Cinderellis and the Glass Hill is of course Cinderella, but with a twist.  Ellis is a boy who grew up with his two older brothers, Ralph and Burt.  He earns the nickname of Cinderellis when he is testing out one of his inventions near the fireplace.  All Cinderellis wanted was the love of his brothers, but they barely seemed to notice him.  So he grows up inventing things, all the while hoping that one of his inventions will earn their love and respect.  When their fields of hay are eaten, Ralph and Burt blame goblins, but Ellis knows it's actually a horse.  Over the course of three years, he ends up finding three beautiful mares, one copper, one silver, and one gold.  By touching their bridles, he breaks the spell binding them to an evil magician; the mares love him for it and will do anything for him.  Ellis would have gladly given the mares to his brothers, but as usual, they won't even admit that he had anything to do with the hay problem.  So Ellis keeps the mares happily fed with his horse treats in a special stable he made by his workshop.  Meanwhile, Princess Marigold is also lonely.  Her father goes off questing for things, staying for maybe a week before he is off again.  He was planning on looking for a suitable husband for her, but when he is cursed by an imp to stay put for five years, he comes up with a crazy scheme to bring the eligible bachelors to him: Marigold will be placed on top of a glass pyramid with three golden apples.  If anyone with armor and a horse can ride up the pyramid to get the apples, he will become a prince and marry Marigold. Of course, Marigold isn't too keen on this arrangement, and brings her own secret weapon to stop people from making it to the top!  Cinderellis and the Glass Hill was a really cute take on the classic "Cinderella."

At first I thought For Biddle's Sake was based off of "Rapunzel."  While the beginning might have been, the story was actually based off of "The Frog Prince."  Of course it was with a twist, for this time it wasn't the prince who was the frog!  As a baby, Parsley (Patsy by birth) would only eat parsley.  Her father had to get it from a fairy's garden.  Eventually the fairy, Bombina, came home to find him stealing her parsley.  She demanded to see the baby, and promptly fell in love with Parsley's green smile.  She adopted the girl and brought her to live in her fairy castle.  Bombina was good to Parsley, but had a habit of turning people into toads.  She promised the girl she wouldn't turn any more people into toads in an effort to get Parsley smiling again.  But when Bombina sees Parsley smiling at the three princes of Biddle, she grows jealous.  Preparing to turn them into toads, she is horrified to discover Parsley went in front of her spell; Bombina turned her beloved girl into a toad!  And plead as she does with the fairy queen, Bombina discovers that the only way the spell can be undone is if someone proposes marriage to Parsley.  Meanwhile, the three princes are sent on three quests: first to find linen fine enough to fit in the King's ring, second to find a dog small enough to fit in a walnut, and third to find the most beautiful bride.  The king believes that his youngest son, Tansy, is a terror and doesn't want him to participate, unaware that his older twin sons have been blaming all of their mischief on him for years.  He reluctantly allows Tansy to participate.  While the tasks are impossible, Parsley, discovering she can do magic like Bombina because she is now a magical creature, helps Prince Tansy with the tasks.  All the while, they discover they have much in common, and Tansy falls in love with the toad's beautiful smile.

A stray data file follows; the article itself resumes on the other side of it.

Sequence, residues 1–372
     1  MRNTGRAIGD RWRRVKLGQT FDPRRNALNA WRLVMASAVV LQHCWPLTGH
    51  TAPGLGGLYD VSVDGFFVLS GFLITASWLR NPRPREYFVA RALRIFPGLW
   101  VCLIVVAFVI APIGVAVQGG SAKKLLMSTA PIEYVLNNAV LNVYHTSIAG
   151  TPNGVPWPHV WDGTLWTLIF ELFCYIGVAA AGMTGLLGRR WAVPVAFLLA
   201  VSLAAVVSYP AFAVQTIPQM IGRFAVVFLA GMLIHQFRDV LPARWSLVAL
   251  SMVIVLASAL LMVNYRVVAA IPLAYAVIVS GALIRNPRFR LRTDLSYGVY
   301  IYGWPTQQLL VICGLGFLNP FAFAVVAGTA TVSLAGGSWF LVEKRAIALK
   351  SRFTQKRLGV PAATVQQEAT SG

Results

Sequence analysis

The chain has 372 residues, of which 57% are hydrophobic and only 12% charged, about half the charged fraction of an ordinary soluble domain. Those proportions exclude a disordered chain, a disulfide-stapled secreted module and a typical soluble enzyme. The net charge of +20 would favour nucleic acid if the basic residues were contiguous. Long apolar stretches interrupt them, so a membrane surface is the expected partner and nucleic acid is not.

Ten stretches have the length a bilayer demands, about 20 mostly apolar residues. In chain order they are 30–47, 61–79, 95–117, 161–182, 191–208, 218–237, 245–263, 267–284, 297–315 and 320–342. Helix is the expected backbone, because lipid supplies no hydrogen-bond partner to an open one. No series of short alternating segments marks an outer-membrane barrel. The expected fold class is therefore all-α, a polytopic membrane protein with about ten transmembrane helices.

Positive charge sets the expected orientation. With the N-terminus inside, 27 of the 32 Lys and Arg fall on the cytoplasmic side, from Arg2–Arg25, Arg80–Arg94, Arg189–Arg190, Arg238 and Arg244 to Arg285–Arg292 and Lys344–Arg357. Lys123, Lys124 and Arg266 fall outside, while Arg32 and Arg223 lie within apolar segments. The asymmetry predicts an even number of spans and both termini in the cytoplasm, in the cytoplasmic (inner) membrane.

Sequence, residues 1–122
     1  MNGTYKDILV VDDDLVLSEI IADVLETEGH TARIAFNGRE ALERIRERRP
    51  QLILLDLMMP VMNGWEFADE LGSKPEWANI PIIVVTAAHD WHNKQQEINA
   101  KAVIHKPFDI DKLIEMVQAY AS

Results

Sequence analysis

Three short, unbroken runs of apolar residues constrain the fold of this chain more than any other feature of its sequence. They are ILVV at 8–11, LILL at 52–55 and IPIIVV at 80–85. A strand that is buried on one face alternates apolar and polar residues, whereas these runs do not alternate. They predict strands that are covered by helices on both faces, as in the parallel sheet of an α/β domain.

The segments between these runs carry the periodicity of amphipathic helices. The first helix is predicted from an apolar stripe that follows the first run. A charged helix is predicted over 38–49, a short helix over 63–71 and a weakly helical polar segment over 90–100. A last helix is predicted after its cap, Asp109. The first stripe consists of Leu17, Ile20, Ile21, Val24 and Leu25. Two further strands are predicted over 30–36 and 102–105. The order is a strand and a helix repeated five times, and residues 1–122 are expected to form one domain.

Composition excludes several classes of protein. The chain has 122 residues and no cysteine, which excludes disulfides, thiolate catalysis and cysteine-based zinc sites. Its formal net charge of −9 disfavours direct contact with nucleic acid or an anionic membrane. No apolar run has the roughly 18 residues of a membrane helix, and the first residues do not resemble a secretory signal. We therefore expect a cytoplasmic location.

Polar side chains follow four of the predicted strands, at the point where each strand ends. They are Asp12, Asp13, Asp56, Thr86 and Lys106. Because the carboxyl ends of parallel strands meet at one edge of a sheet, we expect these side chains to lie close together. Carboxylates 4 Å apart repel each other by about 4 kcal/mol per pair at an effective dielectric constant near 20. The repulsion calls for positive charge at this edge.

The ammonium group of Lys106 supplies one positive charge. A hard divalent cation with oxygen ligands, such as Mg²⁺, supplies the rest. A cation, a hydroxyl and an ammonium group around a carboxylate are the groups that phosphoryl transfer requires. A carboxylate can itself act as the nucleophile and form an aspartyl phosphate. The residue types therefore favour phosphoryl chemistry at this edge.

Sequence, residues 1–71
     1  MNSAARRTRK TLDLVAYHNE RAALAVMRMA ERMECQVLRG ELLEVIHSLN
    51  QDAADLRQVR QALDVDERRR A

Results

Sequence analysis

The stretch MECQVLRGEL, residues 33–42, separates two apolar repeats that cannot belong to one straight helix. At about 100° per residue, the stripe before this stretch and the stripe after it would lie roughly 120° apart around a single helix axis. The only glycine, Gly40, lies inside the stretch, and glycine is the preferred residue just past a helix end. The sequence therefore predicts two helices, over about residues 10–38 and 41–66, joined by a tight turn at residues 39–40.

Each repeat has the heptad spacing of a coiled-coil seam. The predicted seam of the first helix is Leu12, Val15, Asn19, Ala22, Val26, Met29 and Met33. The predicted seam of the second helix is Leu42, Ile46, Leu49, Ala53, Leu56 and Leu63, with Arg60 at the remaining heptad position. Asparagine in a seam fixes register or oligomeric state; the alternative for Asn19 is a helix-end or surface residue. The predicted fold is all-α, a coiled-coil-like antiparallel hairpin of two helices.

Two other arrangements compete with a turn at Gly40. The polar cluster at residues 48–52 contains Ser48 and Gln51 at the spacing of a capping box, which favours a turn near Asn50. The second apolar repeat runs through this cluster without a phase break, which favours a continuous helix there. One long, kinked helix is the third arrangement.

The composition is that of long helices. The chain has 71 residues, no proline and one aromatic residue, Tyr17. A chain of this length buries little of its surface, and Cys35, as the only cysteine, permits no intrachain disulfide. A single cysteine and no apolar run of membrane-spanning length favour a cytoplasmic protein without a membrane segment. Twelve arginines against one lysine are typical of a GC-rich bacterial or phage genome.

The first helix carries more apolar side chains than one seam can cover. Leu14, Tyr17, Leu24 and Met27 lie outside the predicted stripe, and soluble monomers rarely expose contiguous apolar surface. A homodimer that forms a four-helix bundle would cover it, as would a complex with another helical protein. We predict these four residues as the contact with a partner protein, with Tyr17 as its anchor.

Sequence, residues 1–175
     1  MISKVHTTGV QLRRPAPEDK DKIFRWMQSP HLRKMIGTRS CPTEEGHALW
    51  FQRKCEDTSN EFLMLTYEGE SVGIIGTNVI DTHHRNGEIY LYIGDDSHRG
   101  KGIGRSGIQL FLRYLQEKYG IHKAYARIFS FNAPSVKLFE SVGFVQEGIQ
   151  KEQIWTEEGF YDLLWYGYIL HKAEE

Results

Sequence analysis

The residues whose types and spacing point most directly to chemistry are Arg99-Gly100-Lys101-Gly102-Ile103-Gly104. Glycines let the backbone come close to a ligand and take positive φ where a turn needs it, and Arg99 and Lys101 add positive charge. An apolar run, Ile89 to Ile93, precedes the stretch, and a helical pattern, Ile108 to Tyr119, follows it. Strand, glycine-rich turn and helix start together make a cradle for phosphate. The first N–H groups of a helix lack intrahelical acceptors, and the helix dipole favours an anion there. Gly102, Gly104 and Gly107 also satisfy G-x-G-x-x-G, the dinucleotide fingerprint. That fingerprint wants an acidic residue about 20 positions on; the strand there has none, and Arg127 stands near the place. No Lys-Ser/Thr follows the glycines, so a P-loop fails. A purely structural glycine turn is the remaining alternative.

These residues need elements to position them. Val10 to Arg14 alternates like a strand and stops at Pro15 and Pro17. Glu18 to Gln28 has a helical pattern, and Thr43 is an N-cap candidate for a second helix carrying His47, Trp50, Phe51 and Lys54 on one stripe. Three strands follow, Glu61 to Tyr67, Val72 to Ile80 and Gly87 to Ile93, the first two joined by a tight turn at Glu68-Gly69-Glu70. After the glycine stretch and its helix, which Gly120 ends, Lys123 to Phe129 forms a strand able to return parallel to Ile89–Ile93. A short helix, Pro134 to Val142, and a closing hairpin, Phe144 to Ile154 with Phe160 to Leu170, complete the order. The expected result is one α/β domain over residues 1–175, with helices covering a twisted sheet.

The last story, The Fairy's Return, was probably my least favourite.  Robin is the baker's son.  On a routine trip to the castle with his father and two older brothers, he wanders into the Royal Gardens and befirends the princess.  Princess Lark has always had people behave very carefully around her - they don't want to anger her, and they don't want her to lose at games.  So when this commoner comes in and starts telling her jokes, treating her like a real person, she finds herself falling in love with him.  But neither of their fathers want them marrying. Because robin makes her laugh, King Harrumphrey decrees that any prince who can make his daughter laugh will have her hand in marriage.  As a baker's son, Robin cannot compete.  But with the help of Ethelininda, who has lost all confidence in herself after her reward and punishment went so awry in The Fairy's Mistake, ad a golden goose, Robin sets out to win the hand of his princess, all the while dodging the arranged marriage his family has set up for him!

Overall, The Fairy's Return and Other Princess Tales accomplished exactly what I wanted: it was both silly and fun, and I thoroughly enjoyed reading about the land of Biddle.